How to Care for Your Copper

Ever since I inherited my grandmother’s copper tea kettle, I’ve loved copper. For quite a few years antique copper was almost non-existent in the “market” – but all of a sudden a few stellar pieces are popping up here and there. Any of the ones that call my heart I buy for the shop, along with Victorian copper jelly molds. They are usually snapped up quite fast. You all are loving antique copper too, you’ve emailed lots to ask for more tips on How to Care for Your Copper treasures.

Here are some more tips on how to make sure your copper lasts a life time or more. Read on for our best tips to keep it shiny and fabulous.



HOW TO CARE FOR Your copper

Antique copper brings instant warmth to your kitchen, whether you cook with it, or not.  One of my young designer clients recently bought pots from us that she used in a new home design for a young family.  They’re now proudly hanging on a wall in their informal dining room. {the clients don’t really cook-but adore the copper pots and pans.} Our antiques were mixed in with mostly contemporary furnishings to give this new family home history, warmth and personality!
Copper pairs well with wood or white kitchens {blue, grey, green – okay, it looks stunning with any color!} Our antique copper adds instant history, warmth, and that classic French country feel we love to any space. Copper is very easy to care for, and improves the more you use it.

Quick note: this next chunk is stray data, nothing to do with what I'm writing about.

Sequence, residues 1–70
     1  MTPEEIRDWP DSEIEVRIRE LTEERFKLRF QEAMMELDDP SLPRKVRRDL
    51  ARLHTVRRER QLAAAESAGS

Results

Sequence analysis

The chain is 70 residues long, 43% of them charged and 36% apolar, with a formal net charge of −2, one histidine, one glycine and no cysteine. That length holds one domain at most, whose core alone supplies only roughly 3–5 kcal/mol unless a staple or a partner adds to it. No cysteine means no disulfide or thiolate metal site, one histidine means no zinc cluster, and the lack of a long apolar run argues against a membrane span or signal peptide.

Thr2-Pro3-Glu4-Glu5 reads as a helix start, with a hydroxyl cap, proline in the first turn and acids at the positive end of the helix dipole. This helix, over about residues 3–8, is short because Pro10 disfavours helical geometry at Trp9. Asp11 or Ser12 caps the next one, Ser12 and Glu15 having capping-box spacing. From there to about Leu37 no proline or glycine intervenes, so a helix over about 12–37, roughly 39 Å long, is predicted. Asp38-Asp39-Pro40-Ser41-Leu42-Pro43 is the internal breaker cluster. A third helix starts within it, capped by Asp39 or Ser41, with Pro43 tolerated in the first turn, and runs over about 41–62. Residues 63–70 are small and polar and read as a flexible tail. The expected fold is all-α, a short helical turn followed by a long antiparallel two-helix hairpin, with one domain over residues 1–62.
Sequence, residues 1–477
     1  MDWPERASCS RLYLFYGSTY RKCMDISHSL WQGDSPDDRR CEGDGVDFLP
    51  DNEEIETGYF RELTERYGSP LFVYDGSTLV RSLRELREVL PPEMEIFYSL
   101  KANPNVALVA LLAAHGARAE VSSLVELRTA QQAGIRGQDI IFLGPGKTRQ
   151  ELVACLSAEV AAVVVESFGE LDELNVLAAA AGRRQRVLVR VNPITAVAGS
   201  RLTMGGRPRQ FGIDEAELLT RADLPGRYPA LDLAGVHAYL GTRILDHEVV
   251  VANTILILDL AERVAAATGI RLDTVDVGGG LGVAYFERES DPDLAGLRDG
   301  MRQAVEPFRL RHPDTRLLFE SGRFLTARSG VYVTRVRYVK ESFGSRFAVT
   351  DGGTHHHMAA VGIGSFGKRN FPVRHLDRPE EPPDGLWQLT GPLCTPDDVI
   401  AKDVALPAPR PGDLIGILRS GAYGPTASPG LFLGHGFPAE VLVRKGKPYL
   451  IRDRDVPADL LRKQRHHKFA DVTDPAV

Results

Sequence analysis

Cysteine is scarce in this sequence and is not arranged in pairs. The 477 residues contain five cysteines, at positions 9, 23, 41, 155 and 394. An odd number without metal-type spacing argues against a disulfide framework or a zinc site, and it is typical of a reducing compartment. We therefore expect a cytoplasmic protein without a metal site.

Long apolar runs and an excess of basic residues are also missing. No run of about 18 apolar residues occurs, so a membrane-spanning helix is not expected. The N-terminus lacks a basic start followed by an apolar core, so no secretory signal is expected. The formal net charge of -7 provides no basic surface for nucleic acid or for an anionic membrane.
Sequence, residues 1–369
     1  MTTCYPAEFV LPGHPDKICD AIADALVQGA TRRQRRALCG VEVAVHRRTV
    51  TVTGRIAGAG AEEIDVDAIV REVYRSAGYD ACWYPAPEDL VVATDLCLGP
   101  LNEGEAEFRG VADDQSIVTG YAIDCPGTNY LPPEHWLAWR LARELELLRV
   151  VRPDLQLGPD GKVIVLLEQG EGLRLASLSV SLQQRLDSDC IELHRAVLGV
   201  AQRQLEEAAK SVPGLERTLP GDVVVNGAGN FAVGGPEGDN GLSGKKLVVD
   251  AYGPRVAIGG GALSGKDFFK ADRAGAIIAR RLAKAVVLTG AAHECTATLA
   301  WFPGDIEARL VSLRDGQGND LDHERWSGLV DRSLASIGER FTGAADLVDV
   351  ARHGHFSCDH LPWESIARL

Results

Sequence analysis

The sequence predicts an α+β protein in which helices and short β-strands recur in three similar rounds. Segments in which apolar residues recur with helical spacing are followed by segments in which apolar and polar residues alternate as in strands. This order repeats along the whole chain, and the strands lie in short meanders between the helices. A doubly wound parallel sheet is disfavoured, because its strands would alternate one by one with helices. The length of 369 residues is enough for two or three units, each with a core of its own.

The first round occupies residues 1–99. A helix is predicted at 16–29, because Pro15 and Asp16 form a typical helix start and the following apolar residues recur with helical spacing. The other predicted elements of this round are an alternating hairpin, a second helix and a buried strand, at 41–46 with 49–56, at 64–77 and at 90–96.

1. Don’t pre-heat a copper pan. Since copper conducts heat so well, it heats up very quickly.
2. Use low heat – copper is meant for low to medium low heat.
3. Avoid abrasive cleaners at all times!
4. Don’t scour the tin lining. It wears it down quicker. It will  turn dark – this is normal and not harmful.
5. Make sure you don’t heat your pan to dry – wipe with a good quality drying towel instead!
6. Use warm soapy water and a soft cloth or sponge to clean your copper.
7. Copper tarnishes quickly, believe it or not, a quick wipe down with ketchup will bring the shine back.
8. Don’t sear meat in a copper pan, the tin lining melts at 450 degrees F.   Choose cast iron, aluminum, or stainless steel instead.
9. Use wooden utensils only to avoid scratching the tin lining.


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8 thoughts on “How to Care for Your Copper”

  1. Dear Lidy ,didn’t know that you are able to clean your copper pots with ketchup, I use half a lemon and salt myself, works also great.

  2. Yes, that lemon and salt works great too, doesn’t it? On copper with a very even, shiny surface, it sometimes scratches a little bit. Ketchup isn’t meant to replace a great, deep cleaning once in a while with a fine quality copper polish either. But it works!

    1. There you are – right from the mouth of one of the world’s best stylists!

    1. Rosalina, the manufacturer {when RevereWare was in production here in the US} recommended sprinkling some salt on half a lemon and stated that would remove heat marks etc. If your pots have a lot of tarnish, any good quality copper polish will work.

  3. Sharon Crigger-Stokan

    As always thanks for being so generous with your wonderful ‘”how to’s”, Lidy! You are always so kind and helpful!

  4. Thanks, Lidy! I have quite a lot of copper and these are wonderful and easy hints to remember!

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